Then of course we have Jay, who’s ‘unique’ in the world as all main characters typically are. Why? Because you can’t have a world with elves, vampires, and werewolves and not introduce all the cool creatures. Which made me ask ‘what happened to them?’ – and the answer became ‘genocide because they’re scary’.

This ties into ‘The Purge’ – an event I haven’t gone into a lot of detail about. The reason being is this fast forwarded world is simply burying the past mistakes under generations of obscured knowledge, history editing, and an ongoig secret war that still is happening.

Thus we have Jay. A man who’s trying to make sense of the world around him (At least that’s what I’m hoping) but factors are against him. His memory has been modified (Which he doesn’t know at this stage – and you might not either, surprise! Book 3 and 4 material spoiler! – you did read the warning right?) which makes Jay believe he’s just a special human, nothing more.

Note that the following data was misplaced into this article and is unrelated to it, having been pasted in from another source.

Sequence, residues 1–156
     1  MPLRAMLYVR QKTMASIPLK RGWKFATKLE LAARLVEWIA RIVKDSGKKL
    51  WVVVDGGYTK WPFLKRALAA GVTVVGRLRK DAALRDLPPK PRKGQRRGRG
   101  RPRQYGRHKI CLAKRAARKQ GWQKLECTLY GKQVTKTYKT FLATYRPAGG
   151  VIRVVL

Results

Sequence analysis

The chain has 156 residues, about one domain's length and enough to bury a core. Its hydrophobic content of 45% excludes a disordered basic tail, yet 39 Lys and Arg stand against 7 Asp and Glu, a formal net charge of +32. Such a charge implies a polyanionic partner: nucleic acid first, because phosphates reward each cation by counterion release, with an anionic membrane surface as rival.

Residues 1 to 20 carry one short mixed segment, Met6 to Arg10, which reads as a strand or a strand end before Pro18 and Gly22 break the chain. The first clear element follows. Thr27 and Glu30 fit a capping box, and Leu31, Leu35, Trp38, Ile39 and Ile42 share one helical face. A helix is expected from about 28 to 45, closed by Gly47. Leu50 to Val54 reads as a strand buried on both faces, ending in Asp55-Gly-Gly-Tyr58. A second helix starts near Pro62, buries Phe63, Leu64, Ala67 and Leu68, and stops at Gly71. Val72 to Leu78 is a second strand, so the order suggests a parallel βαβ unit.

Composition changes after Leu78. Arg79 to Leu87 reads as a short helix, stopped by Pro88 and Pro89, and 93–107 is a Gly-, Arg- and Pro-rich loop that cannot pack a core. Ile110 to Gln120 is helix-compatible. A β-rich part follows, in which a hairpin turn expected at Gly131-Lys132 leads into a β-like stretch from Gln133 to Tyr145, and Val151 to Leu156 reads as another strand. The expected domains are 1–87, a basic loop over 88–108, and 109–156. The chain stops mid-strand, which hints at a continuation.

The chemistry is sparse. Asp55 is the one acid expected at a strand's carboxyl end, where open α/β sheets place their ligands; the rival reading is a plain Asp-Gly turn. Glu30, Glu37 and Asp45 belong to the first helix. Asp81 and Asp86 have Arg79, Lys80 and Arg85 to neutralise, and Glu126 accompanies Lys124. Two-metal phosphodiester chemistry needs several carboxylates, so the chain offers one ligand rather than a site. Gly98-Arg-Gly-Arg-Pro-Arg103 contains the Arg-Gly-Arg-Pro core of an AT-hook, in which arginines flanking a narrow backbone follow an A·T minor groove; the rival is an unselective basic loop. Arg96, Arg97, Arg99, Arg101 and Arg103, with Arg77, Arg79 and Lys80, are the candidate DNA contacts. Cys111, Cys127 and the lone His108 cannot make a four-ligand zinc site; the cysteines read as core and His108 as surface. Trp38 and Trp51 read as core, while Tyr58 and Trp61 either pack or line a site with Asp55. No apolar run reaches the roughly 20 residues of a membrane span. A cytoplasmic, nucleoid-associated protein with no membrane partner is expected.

Only as time goes on, even a muddled Jay can’t believe he’s purely human. The Purge itself is a documented event – only the nature of all defeated races is hidden. They are the nameless monsters of the night, boogymen, shadowy overlords who were cast down from their thrones upon high and their dark nests uprooted. Humanity, with the help of derivative races (Vampires and werewolves both need humans to propagate – elves were once human thousands of years ago. It’s my world, I’ll do what I want.) – humanity stood on top in a stable world.

Now there’s more back story justifying this – which one day I plan on releasing. Probably as a side tidbit somewhere in the Royal Scales pages. God there’s so much shit in this universe that I’ll probably never get to with Jay alone (I have a side novel planned with Thomas….somewhere). Anyway; I had to set up more reasons for why reality turned out this way.